March/April issue of acmqueue

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Originally published in Queue vol. 7, no. 6
see this item in the ACM Digital Library



Ivar Jacobson, Ian Spence, Ed Seidewitz - Industrial Scale Agile - from Craft to Engineering
Essence is instrumental in moving software development toward a true engineering discipline.

Andre Medeiros - Dynamics of Change: Why Reactivity Matters
Tame the dynamics of change by centralizing each concern in its own module.

Brendan Gregg - The Flame Graph
This visualization of software execution is a new necessity for performance profiling and debugging.

Ivar Jacobson, Ian Spence, Brian Kerr - Use-Case 2.0
The Hub of Software Development


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Stan Kelly-Bootle | Fri, 14 Aug 2009 18:15:50 UTC

Splendid riposte, Paul. I have been on the front row for a Myriam Makeba concert. Whether the clicks themselves emitted CO2 was not clear at the time, but I bow to your correction. In fact, all languages have a variety of sounds each with different /carbon-mouth-prints/. Xhosa has a full repertoire of phonemes besides the Western-ear-catching so-called /exotic/ clicks. I can imagine Xhosa speakers being annoyed when asked to sing a /click song/ Rather as if they asked me to sing a TH-song? All speakers must breathe in and out (or die). It's probably /greener/ to sit and chat in language than to jog around in silence. Cheers, Stan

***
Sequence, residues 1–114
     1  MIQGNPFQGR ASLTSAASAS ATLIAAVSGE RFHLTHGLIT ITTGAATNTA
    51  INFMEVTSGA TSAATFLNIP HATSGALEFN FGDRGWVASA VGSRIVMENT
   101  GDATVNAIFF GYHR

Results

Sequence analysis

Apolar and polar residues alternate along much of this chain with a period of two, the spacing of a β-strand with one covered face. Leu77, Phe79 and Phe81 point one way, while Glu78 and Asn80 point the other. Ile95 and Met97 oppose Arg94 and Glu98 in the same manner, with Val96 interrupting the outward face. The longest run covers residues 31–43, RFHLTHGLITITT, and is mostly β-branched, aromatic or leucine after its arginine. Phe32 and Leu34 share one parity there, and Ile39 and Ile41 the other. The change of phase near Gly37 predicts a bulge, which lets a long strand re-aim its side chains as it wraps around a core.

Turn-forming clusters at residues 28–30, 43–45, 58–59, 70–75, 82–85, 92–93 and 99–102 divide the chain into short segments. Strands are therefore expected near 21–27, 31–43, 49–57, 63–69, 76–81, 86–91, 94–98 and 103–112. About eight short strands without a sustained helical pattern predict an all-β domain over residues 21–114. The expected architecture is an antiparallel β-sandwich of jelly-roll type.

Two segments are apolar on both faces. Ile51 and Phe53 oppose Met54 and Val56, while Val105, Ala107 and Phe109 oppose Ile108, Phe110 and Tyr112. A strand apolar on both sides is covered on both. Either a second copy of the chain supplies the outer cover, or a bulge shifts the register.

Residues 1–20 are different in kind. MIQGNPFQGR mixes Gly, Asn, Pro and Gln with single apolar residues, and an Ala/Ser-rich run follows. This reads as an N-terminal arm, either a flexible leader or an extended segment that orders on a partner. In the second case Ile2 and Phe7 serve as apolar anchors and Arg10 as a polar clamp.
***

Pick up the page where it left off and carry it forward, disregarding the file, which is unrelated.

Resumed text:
Paul Keating | Tue, 04 Aug 2009 21:05:21 UTC

Xhosa clicks cause no outflow of breath. The energy for the sound comes from increasing the size of the mouth cavity. Were that not enough, Xhosa also has an implosive b that causes an (extremely brief) net inflow of breath. Be linguistically carbon-neutral! Learn and speak Xhosa!

I wouldn't make this comment except it's August.

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